author = "A. Bernabe-Ortiz and Sanchez, {J. F.} and Carrillo-Larco, {R. M.} and Gilman, {Robert H} and Poterico, {J. A.} and R. Quispe and L. Smeeth and Miranda, {J. J.}",
year = "2016",
month = "2",
day = "11",
doi = "10.1038/jhh.2015.124",
language = "English (US)",
journal = "Journal of Human Hypertension",
issn = "0950-9240",
publisher = "Nature Publishing Group",

}

TY - JOUR

T1 - Rural-to-urban migration and risk of hypertension

T2 - longitudinal results of the PERU MIGRANT study

AU - Bernabe-Ortiz, A.

AU - Sanchez, J. F.

AU - Carrillo-Larco, R. M.

AU - Gilman, Robert H

AU - Poterico, J. A.

AU - Quispe, R.

AU - Smeeth, L.

AU - Miranda, J. J.

PY - 2016/2/11

Y1 - 2016/2/11

N2 - Urbanization can be detrimental to health in populations due to changes in dietary and physical activity patterns. The aim of this study was to determine the effect of migration on the incidence of hypertension. Participants of the PERU MIGRANT study, that is, rural, urban and rural-to-urban migrants, were re-evaluated after 5 years after baseline assessment. The outcome was incidence of hypertension; and the exposures were study group and other well-known risk factors. Incidence rates, relative risks (RRs) and population attributable fractions (PAFs) were calculated. At baseline, 201 (20.4%), 589 (59.5%) and 199 (20.1%) participants were rural, rural-to-urban migrant and urban subjects, respectively. Overall mean age was 47.9 (s.d.±12.0) years, and 522 (52.9%) were female. Hypertension prevalence at baseline was 16.0% (95% confidence interval (CI) 13.7–18.3), being more common in urban group; whereas pre-hypertension was more prevalent in rural participants (P

AB - Urbanization can be detrimental to health in populations due to changes in dietary and physical activity patterns. The aim of this study was to determine the effect of migration on the incidence of hypertension. Participants of the PERU MIGRANT study, that is, rural, urban and rural-to-urban migrants, were re-evaluated after 5 years after baseline assessment. The outcome was incidence of hypertension; and the exposures were study group and other well-known risk factors. Incidence rates, relative risks (RRs) and population attributable fractions (PAFs) were calculated. At baseline, 201 (20.4%), 589 (59.5%) and 199 (20.1%) participants were rural, rural-to-urban migrant and urban subjects, respectively. Overall mean age was 47.9 (s.d.±12.0) years, and 522 (52.9%) were female. Hypertension prevalence at baseline was 16.0% (95% confidence interval (CI) 13.7–18.3), being more common in urban group; whereas pre-hypertension was more prevalent in rural participants (P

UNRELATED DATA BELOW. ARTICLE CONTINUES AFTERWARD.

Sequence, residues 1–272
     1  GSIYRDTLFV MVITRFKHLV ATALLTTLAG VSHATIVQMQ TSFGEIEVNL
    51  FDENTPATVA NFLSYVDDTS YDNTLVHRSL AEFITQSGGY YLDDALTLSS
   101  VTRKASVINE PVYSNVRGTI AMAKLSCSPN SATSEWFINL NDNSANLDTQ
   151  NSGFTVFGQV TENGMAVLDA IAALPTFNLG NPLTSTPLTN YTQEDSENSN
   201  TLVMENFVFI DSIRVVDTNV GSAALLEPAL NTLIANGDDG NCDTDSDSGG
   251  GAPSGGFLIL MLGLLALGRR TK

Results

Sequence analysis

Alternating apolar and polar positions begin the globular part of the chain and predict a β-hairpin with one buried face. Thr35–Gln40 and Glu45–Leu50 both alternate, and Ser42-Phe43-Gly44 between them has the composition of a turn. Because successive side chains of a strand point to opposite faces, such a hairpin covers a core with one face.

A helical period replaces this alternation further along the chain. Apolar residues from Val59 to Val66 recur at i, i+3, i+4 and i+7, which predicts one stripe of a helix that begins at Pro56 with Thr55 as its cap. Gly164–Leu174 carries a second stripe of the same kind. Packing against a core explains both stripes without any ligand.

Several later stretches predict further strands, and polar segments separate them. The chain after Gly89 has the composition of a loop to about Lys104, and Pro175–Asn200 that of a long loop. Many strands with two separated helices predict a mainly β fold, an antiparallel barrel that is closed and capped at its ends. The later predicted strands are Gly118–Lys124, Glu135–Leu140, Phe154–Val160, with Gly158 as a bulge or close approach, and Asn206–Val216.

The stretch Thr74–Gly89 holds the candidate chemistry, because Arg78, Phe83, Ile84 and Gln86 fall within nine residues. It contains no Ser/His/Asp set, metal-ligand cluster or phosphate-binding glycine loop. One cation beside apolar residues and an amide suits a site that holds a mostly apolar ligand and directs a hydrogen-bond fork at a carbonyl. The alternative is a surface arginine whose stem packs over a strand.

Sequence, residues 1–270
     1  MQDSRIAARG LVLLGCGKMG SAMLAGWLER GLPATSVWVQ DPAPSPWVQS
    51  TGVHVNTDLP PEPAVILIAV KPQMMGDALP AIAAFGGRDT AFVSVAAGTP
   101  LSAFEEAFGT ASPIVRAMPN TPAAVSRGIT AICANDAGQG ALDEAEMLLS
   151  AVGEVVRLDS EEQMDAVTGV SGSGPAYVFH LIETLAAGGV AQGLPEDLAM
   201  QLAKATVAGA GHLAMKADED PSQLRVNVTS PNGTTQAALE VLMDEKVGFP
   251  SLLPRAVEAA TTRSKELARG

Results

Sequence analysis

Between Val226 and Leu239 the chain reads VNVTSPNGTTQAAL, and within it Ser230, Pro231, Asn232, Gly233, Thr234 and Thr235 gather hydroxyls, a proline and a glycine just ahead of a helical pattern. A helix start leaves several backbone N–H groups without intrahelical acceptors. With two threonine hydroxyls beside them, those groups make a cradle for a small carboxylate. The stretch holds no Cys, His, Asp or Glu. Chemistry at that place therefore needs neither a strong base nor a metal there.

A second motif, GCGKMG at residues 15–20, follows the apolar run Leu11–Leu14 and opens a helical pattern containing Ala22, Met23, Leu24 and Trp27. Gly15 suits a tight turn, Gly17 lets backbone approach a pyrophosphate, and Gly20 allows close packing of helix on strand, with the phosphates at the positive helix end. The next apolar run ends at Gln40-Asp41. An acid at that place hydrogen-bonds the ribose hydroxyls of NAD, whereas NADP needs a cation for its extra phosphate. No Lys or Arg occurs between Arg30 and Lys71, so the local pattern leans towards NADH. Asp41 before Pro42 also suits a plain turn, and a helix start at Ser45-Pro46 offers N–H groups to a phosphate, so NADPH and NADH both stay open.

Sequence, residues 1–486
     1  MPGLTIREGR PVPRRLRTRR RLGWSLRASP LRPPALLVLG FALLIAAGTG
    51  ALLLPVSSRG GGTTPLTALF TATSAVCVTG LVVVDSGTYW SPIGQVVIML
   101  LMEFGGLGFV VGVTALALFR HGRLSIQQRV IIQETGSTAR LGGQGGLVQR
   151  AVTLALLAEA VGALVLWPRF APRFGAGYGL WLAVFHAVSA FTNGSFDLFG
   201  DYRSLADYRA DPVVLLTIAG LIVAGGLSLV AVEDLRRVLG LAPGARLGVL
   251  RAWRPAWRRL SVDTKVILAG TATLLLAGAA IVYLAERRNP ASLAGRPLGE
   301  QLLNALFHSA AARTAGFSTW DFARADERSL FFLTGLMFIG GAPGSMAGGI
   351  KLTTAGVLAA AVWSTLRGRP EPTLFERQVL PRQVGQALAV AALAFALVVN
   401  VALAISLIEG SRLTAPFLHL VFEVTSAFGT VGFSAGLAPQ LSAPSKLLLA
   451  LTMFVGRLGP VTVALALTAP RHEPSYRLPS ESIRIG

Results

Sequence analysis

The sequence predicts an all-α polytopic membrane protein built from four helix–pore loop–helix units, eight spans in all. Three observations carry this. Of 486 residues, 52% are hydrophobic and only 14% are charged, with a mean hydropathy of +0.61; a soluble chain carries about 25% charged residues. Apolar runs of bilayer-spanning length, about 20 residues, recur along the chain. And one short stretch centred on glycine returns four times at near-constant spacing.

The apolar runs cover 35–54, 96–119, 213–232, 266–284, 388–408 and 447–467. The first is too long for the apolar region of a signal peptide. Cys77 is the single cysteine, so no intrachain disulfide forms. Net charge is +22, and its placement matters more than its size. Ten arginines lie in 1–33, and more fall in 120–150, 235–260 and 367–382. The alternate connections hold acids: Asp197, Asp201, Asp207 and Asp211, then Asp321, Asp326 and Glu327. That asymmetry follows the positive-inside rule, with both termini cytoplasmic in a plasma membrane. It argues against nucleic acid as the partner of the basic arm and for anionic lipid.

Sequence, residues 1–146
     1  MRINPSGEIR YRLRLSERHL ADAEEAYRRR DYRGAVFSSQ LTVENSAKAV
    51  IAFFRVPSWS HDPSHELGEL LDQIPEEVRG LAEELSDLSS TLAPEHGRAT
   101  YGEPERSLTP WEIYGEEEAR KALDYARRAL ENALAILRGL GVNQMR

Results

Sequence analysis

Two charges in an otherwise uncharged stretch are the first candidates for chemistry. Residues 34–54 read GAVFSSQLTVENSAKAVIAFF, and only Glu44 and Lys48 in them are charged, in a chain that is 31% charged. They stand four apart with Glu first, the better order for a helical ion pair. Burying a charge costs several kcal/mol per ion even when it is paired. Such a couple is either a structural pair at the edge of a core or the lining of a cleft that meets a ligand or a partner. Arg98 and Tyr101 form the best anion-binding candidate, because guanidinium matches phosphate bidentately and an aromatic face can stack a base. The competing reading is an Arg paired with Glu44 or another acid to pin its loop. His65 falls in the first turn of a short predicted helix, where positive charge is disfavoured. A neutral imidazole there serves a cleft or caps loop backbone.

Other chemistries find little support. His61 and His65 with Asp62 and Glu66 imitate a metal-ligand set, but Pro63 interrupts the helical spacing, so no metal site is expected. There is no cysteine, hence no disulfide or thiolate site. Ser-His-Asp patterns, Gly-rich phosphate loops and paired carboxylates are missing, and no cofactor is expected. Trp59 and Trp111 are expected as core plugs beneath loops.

UR - http://www.scopus.com/inward/record.url?scp=84957812562&partnerID=8YFLogxK

UR - http://www.scopus.com/inward/citedby.url?scp=84957812562&partnerID=8YFLogxK

U2 - 10.1038/jhh.2015.124

DO - 10.1038/jhh.2015.124

M3 - Article

C2 - 26865219

AN - SCOPUS:84957812562

JO - Journal of Human Hypertension

JF - Journal of Human Hypertension

SN - 0950-9240

ER -